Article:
That's it? 
W-w-w-work? 
Just work?

Where's the magic in that? 
 
Two years later, it's beginning to sink in.It isn't an instant change, but each drop in the bucket is a spell of sorts.
 
Each drop is a growing of your eyes and ears and hands,
every sketch is an observation, a study of the world,
each page is a honing of your vision -
and therein you find the transformation! 

So, my friends, let me share some magic spells for improving your craft in a nutshell:  


1. Show up. Every day.


(Writers also call this "butt-in-chair.")

2. Sketch. Sketch. Sketch.


(Or insert your passion here. Bake cakes. Practice soccer. Juggle fruit.)

3. Write. Write. Write.


(Especially important for aspiring authors.)

4. Read. Read. Read.


(Observe and learn from the world relating to your craft. If you want to be a picture book illustrator, by golly, read picture books like a sieve!)

5. Repeat.

6. Every, every day.

Once more:


  


And the thing is?
The more I do it, the more I love this daily rite.

It's like magic.


{Excerpt first published Tuesday, August 30 on Puddle Jump Collective.}


Books!

Harry Potter and the Sorcerer's Stone by J.K. Rowling
Tuesdays at the Castle by Jessica Day George
Withering-By-Sea by Judith Rossell
Half Magic by Edward Eager
The Magic Half and Magic in the Mix by Annie Barrows
A Snicker of Magic by Natalie Lloyd
Sylvester and the Magic Pebble by William Steig
Strega Nona's Magic Lessons by Tomie de Paola

Books on Writing and Art:




Writing Magic: Creating Stories That Fly by Gail Carson Levine
Rip the Page: Adventures in Creative Writing by Karen Benke
Spilling Ink by Anne Mazer & Ellen Potter, illustrated by Matt Phelan
Ed Emberley's Drawing Book of Animals
20 Ways to Draw a Cat by Julia Kuo
Let's Draw a Story by Sachiko Umoto























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19. Review: Against All Silence by E. C. Myers

Title: Against All Silence
Author: E.C. Myers
Series: An SOS Thriller
Publisher: Adaptive Books
Publication date: February 21, 2017
Pages: 368
Stars: 4
Links: Amazon, Barnes and Noble exclusive August 23, 2016

Summary: After being a key figure in the exposing of government corruption, Max Stein has spent a quiet semester abroad in Paris, studying, staying off the Internet, and looking for his long-lost mother. But just as he is about to fly back to the United States for the holidays, trouble manages to find him once again.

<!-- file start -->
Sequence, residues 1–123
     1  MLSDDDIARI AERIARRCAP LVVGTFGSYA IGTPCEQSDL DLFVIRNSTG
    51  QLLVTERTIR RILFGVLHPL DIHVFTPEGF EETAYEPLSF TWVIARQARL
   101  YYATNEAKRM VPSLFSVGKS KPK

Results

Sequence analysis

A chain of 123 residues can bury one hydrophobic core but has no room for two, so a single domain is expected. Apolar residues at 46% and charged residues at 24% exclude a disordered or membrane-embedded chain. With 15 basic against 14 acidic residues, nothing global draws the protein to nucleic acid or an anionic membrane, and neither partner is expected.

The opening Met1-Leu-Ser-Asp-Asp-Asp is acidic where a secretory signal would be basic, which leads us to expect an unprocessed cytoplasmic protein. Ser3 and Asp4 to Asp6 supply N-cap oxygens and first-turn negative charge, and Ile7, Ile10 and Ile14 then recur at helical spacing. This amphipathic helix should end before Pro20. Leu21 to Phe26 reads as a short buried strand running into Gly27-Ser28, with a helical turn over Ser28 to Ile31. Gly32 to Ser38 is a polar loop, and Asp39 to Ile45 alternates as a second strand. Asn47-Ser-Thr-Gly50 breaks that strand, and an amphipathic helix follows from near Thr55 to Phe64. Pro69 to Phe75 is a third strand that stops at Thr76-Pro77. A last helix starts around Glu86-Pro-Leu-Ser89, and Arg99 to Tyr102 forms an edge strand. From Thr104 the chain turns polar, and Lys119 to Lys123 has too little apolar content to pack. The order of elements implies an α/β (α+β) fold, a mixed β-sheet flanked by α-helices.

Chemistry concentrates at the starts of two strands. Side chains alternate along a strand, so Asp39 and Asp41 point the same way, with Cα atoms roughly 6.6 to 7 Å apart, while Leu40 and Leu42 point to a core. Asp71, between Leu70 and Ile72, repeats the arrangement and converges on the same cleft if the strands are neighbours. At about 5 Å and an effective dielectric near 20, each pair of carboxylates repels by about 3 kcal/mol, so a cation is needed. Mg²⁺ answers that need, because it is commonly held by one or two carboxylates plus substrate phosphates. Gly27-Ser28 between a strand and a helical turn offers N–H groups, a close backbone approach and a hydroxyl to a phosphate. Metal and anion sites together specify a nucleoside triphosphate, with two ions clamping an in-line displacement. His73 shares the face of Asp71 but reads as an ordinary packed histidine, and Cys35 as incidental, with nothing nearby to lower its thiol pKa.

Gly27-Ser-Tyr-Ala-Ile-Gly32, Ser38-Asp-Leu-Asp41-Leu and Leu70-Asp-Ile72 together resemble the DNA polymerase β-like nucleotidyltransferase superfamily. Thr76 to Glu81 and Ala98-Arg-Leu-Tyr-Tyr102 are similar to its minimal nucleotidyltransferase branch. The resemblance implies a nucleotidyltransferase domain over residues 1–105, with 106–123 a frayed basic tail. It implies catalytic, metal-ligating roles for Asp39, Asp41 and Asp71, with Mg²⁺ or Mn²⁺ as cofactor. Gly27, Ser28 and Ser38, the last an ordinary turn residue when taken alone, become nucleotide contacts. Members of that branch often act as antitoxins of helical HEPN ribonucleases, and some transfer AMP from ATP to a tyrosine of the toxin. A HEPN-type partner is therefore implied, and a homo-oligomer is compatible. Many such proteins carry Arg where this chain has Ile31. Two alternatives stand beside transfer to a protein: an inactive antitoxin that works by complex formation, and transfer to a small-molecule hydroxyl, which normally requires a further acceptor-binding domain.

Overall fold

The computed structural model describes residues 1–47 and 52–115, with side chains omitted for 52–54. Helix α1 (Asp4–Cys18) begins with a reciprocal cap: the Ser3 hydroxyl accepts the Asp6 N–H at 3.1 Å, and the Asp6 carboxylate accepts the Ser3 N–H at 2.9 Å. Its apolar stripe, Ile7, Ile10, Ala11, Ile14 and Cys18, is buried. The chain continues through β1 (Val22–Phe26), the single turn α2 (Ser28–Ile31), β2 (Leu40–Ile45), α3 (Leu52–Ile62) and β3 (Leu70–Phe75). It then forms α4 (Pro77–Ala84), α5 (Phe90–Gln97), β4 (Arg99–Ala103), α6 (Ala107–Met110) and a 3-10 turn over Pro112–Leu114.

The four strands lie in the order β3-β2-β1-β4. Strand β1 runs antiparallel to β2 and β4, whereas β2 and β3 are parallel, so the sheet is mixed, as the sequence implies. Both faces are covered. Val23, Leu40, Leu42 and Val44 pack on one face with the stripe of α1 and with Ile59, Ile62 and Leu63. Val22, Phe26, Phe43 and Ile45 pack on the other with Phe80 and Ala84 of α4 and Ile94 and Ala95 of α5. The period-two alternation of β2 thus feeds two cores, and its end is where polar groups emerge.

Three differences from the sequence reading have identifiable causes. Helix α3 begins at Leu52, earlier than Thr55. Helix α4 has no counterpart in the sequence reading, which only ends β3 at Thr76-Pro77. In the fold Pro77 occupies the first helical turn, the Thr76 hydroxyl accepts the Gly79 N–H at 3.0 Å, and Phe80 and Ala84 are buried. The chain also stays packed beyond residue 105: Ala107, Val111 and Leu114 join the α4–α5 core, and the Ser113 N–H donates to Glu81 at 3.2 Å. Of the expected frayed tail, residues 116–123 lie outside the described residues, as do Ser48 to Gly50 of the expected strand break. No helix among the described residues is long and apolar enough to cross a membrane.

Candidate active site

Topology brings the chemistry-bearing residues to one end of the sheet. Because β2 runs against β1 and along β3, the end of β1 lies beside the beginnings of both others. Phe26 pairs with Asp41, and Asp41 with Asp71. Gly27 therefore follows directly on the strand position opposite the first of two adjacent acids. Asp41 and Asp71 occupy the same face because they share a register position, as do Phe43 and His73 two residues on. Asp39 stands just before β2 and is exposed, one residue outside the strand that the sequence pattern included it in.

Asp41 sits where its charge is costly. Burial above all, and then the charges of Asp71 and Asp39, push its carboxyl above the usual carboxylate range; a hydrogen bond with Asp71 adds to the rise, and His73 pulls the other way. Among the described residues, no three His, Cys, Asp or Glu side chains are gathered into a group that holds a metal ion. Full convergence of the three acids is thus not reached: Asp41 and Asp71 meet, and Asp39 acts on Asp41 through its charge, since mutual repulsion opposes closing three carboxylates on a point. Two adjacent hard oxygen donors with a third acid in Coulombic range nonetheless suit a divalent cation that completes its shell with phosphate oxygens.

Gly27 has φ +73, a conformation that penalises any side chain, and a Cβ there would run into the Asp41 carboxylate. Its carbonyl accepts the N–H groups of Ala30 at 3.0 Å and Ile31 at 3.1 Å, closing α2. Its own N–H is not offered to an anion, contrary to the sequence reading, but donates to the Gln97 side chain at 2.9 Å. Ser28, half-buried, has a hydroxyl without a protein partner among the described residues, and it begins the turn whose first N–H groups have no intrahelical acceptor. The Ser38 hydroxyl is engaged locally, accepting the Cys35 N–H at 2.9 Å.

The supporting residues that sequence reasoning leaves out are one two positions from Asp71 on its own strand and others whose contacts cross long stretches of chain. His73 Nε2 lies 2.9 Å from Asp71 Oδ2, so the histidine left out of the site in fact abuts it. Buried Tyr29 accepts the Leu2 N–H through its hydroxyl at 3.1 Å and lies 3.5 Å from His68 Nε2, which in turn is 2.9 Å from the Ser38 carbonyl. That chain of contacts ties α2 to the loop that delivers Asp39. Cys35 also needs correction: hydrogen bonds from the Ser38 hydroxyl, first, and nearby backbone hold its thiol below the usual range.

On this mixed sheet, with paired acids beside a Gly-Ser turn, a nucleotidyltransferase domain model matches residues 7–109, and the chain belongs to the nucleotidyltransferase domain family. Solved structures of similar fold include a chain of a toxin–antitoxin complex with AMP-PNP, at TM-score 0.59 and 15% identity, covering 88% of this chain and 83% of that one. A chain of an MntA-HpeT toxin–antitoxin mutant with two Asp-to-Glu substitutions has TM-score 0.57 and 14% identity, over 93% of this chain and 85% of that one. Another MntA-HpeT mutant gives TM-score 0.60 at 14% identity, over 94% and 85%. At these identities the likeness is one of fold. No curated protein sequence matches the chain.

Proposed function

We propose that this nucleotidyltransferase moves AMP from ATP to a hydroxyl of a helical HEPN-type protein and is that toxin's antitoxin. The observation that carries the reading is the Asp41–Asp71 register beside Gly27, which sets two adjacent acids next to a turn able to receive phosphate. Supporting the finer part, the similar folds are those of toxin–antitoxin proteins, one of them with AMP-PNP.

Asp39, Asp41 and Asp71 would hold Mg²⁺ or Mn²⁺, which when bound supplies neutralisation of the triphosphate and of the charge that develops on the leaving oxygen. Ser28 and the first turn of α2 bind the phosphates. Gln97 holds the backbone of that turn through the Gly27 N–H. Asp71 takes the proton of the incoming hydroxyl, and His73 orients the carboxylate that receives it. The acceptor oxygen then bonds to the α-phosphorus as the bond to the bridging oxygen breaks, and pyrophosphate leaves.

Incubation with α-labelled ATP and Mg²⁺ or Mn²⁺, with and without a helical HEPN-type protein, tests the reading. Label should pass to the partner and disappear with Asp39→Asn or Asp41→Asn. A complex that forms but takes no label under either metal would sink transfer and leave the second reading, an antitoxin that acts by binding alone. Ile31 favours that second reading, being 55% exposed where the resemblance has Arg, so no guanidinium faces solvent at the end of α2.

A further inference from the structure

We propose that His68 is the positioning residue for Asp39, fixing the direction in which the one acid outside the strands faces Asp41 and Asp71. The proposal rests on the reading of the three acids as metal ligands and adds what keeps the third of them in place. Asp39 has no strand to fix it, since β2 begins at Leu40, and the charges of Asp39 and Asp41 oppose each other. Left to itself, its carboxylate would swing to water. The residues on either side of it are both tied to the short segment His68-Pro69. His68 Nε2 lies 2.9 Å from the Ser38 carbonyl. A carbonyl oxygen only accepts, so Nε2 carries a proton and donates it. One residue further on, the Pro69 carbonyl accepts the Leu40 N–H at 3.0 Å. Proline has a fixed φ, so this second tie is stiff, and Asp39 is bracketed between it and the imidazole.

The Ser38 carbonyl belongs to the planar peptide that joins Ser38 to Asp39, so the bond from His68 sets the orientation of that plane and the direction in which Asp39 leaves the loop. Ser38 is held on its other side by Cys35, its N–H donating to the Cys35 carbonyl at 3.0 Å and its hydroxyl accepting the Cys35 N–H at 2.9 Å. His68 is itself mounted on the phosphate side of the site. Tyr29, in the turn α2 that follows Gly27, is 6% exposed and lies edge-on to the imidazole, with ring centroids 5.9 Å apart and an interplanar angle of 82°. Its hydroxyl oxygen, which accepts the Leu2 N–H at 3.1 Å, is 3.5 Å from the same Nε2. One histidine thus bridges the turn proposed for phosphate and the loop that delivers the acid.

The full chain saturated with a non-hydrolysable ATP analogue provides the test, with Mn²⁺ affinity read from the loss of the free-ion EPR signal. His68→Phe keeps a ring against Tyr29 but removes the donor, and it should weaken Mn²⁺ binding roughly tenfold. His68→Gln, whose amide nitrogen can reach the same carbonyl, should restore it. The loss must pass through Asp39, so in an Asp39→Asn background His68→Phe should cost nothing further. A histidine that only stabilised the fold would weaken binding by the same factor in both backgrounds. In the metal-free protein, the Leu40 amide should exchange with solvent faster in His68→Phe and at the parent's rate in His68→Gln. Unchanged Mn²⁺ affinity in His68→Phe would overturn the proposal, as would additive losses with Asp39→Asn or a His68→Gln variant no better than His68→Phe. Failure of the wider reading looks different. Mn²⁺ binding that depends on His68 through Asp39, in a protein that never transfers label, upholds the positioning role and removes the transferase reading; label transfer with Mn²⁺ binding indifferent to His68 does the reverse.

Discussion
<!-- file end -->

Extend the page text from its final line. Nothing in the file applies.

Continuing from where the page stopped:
Max receives a call from Penny, his on-again-off-again girlfriend who is part of the expert hacking duo DoubleThink. She wants him to meet with Ada Kiesler, a high-profile whistleblower hiding out at a foreign embassy in Berlin. Max has no interest in getting drawn into another corporate conspiracy. But when airport security suddenly detains him on suspicion of cyber-terrorism, he has little choice but to get involved. Soon Max and Penny are tangling with a new group of shadowy figures who are determined to control how the world shares its information. And some figures from Max s past resurface, including his own mother, whose life has mirrored his own in more ways than he’d realized.
In this action-packed follow up to "The Silence of Six," Max and his hacker friends must fight to expose a corrupt corporation that has been systematically taking control of the Internet."




Review: I liked this book. I feel like I may have started the first book when that came out but I was unable to find it. I liked this book, oh wait I already said that! It took me a little bit to get through it. It was not a book that had me holding on to the edge of my seat the entire time. However, the ending did have me trying not to fast read through to see how it ended. Once you get past the first two hundred pages you kind of question why you had such a hard time in the first place. The only thing I can compare it to would be when I went to the Smoky Mountains this last week. On the first day there I walked up Rainbow falls trail. It was exhausting but once you got there it was worth the view and the walk down was very enjoyable. At the end you are happy you had that experience. That perfectly describes this book for me. I was really worried about Penny for a long time. Not for her, my concern was always for Max. I loved Risse, I would love to hear more about her. Maybe her own adventures. I like Risse over Penny. It’s hard not too! There are something’s in this book I question. Bits of it even remind me of George Orwell’s 1984. I would recommend you check this book out for yourself!

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20. Presidential Polar Bear Post Card Project No. 214 - 8.30.16


The first day of polar bear school!

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21. Presidential Polar Bear Post Card Project No. 213 - 8.29.16


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22. Marie Assénat

Marie Assenat

Brooklyn-based French illustrator, Marie Assénat, creates paintings and drawings that have a charming and naive essence. Although her characters are often humorous, her work has a sophisticated flair that has led to collaborations with Le Chocolat Des Français and the French Open. Whether it’s a GIF of a dancing poodle or a painting of a roller skating kitty, her drawings are bound to put a smile on your face.

Marie Assenat

Marie Assenat

Marie Assenat

Marie Assenat